Two contrasting news headlines drew my attention this morning. Horst Köhler – a former head of the International Monetary Fund – singled out excessive executive pay … as a factor in the subprime crisis and accused bankers of acting irresponsibly according to the FT. And over in New York a Lucien Freud portrait of Sue Tilly set a record Tuesday night for the most money paid for any work by a living artist. The 1995 life-size painting — “Benefits Supervisor Sleeping” — fetched $33.6 million during bidding at Christie’s auction house in New York according to CNN. (That’s $10M more than the previous record, by the way.)

Whatever you think of the desirability of having one of his paintings on your wall, Lucien Freud is one of the greatest artists of his generation, perhaps of all time. His unflinching cruelty, the visceral brushstrokes, the shock of seeing the reality of the body as he portrays it: no one since Goya has been as brutal about what people are. His output is of staggeringly high quality as anyone who saw his only major retrospective (the Hayward in 1988 – why hasn’t he had one since?) can attest. Yet despite the new record price, Stan O’Neil could buy four paintings at this price and still have enough left to build a gallery to put them in and staff it for life with his payoff for leaving Merrill — leaving it with enormous losses. Chuck Prince could manage three with his payoff for failure at Citi. When you see that, you realise that perhaps Horst has a point.

On my street May 1, 2008 at 6:36 pm

On the day of the London mayoral and assembly elections, and with upcoming vote on 42 day detention, this seems apposite.

HM Prison London

They have some unusual animals in Regent’s Park at the moment… October 13, 2007 at 6:02 pm

…and some of them are even more rare than buyers in the ABCP market. That however, may be about to change.

The proposal apparently (the details are sketchy) is for a group of banks to set up a mega-SIV. This new vehicle will acquire the mortgage assets now held by some existing SIVs and conduits. The range of participants is unclear – Citi, with over $100B in conduits, is apparently leading the deal structuring, with JPMorgan interested in selling the new paper. The basic idea is that having a vehicle with a more diverse range of assets will avert the need for many banks to sell their existing conduit assets causing a crash in the RMBS market. Things are not exactly going well there as it is, as you can see from the recent price action on the ABX Home Equity BBBs (this graph is for the 07-2s):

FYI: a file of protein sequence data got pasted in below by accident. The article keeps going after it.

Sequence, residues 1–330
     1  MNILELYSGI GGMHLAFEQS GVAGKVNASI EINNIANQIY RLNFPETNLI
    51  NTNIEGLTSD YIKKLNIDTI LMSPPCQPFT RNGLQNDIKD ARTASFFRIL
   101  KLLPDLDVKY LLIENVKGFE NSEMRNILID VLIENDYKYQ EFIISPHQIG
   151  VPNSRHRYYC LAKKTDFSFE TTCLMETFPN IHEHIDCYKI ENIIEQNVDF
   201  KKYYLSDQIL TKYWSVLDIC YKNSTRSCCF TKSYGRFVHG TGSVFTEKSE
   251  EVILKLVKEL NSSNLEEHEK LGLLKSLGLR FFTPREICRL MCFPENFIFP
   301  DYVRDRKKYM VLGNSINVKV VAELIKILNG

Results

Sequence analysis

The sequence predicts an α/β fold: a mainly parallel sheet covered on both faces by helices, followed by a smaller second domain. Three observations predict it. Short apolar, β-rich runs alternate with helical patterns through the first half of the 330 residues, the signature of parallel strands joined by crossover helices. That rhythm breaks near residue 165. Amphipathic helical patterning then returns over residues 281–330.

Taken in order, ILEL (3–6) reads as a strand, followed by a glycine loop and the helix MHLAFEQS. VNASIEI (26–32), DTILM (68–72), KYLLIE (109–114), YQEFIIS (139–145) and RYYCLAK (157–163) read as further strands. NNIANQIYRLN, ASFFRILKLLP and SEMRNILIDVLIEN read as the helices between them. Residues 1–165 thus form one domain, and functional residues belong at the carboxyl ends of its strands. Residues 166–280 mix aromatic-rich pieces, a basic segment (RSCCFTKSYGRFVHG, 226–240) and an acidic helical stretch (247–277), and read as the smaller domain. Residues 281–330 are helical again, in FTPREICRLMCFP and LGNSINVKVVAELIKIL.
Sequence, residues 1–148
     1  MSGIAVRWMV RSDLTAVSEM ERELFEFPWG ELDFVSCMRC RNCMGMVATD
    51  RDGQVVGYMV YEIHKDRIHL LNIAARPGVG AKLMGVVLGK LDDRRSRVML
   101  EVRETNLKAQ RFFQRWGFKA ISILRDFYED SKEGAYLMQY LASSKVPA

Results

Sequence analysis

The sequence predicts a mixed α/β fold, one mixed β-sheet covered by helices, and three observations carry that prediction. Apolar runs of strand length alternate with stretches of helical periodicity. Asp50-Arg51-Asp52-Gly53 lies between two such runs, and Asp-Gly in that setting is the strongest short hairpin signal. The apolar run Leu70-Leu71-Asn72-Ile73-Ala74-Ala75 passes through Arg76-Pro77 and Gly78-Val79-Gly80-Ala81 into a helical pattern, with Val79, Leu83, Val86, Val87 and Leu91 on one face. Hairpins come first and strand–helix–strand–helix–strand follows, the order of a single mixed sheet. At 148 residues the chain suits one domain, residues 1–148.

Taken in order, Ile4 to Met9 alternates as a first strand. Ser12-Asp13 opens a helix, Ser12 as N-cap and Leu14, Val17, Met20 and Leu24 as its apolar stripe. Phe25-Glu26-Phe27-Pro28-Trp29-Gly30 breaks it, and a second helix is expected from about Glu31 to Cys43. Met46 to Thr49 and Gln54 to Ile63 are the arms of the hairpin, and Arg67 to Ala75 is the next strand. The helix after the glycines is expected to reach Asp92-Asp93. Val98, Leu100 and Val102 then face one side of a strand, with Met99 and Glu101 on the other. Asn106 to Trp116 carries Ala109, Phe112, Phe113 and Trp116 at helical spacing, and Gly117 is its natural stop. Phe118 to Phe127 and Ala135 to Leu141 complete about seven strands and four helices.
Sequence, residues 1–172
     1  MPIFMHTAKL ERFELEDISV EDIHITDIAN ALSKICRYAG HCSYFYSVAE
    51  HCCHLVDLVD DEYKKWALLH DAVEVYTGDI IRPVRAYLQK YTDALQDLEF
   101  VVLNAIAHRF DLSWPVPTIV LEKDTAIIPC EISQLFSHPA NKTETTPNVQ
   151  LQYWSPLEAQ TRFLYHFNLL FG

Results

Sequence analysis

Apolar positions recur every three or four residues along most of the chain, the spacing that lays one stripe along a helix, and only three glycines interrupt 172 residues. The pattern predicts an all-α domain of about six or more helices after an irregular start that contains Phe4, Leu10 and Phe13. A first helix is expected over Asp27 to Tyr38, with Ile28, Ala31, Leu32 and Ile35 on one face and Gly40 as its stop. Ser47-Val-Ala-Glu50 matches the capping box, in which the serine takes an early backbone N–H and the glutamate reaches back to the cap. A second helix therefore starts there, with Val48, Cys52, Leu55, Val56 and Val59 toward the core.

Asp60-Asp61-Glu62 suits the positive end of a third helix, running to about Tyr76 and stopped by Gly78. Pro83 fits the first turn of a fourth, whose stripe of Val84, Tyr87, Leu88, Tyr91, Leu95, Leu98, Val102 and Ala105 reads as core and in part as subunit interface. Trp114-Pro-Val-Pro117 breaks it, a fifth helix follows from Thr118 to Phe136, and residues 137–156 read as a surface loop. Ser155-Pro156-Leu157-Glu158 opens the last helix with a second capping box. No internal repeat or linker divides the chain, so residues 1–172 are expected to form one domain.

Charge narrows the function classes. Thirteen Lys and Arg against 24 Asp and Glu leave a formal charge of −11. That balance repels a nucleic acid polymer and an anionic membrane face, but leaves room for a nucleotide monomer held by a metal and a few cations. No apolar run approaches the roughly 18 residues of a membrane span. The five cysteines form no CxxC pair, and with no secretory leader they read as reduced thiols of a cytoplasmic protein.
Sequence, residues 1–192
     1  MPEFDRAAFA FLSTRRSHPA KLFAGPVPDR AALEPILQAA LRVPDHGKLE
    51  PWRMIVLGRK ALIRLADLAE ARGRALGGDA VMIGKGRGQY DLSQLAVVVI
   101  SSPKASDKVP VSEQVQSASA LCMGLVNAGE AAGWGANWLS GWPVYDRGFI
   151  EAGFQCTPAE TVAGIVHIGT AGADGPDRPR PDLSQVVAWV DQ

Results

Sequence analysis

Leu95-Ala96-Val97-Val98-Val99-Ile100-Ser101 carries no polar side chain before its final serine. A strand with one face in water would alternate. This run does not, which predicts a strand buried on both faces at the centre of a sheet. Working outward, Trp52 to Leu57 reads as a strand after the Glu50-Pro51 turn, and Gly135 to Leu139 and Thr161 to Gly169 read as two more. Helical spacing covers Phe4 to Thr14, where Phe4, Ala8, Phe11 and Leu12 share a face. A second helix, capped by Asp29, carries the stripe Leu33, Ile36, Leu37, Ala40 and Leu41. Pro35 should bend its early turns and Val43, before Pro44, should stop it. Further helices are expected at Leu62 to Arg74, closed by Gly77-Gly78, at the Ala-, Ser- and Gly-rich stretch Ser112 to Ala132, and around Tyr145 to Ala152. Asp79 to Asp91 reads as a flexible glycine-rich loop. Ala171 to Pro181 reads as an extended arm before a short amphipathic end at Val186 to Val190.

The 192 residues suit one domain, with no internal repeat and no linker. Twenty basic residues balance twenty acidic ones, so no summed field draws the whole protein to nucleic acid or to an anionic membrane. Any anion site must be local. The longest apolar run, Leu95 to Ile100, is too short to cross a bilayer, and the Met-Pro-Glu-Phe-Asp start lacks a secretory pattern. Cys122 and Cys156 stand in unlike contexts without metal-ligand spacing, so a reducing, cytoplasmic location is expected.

(Graph from Markit via Calculated Risk. This is pretty good on the ABX if you need some background.)

The credit enhancement for the new vehicle hasn’t been made public thus far: one structure might be for all the contributing banks be jointly and severally liable for some bottom tranche, followed by a layer of seller-specific credit enhancement. The proposal is apparently to be dubbed M-LEC, for master liquidity enhancement conduit.

In this context it occurs to me to wonder why holding assets off balance sheet in conduits have such a preferential capital treatment compared with on balance sheet credit enhancement. To see this, consider the following two trades: 1. A bank sells a diverse $500M portfolio of assets into a conduit, retains a $10M seller’s interest, funds by issueing three month ABCP, and writes a back-up liquidity line; 2. A bank holds the assets on balance sheet and buys a three month credit derivative on losses in excess of $10M, rolling it as it expires.

In both cases the bank is exposed to losses between 0 and $10M but not above. In 1., it has to fund the assets if the ABCP market is disrupted, whereas in 2. it knows that it has to fund the assets in all conditions and hence can lock in term funding. Therefore arguably 2. is less risky than 1., and certainly not riskier. But you can guess which situation has the higher regulatory capital, can’t you?

Update. The plan is now out. Or, at least, the intention to come up with a plan that may lead to the MLEC is out. I wonder how they are going to value the assets the MLEC will wave in…

Two shots from early evening at the Tate Modern March 31, 2007 at 3:00 pm

I love the way the rain-soaked evening cradles the city. It is not yet dark, but the quality of the light is so soft and grey it seems to swaddle the town like a duvet. Meanwhile inside the Tate we have a fair ground ride masquerading as art masquerading as a fair ground ride: a game from Karsten Holler that is less than it seems.

[And yes, I know I’ve just used my purple prose allocation for the year. So sue me.]

Winning Hearts and Minds March 10, 2007 at 5:41 pm

Banksy?I’m not sure if these are Banksy’s tribute to the death of Baudrillard, but they have recently appeared on a wall close to my flat.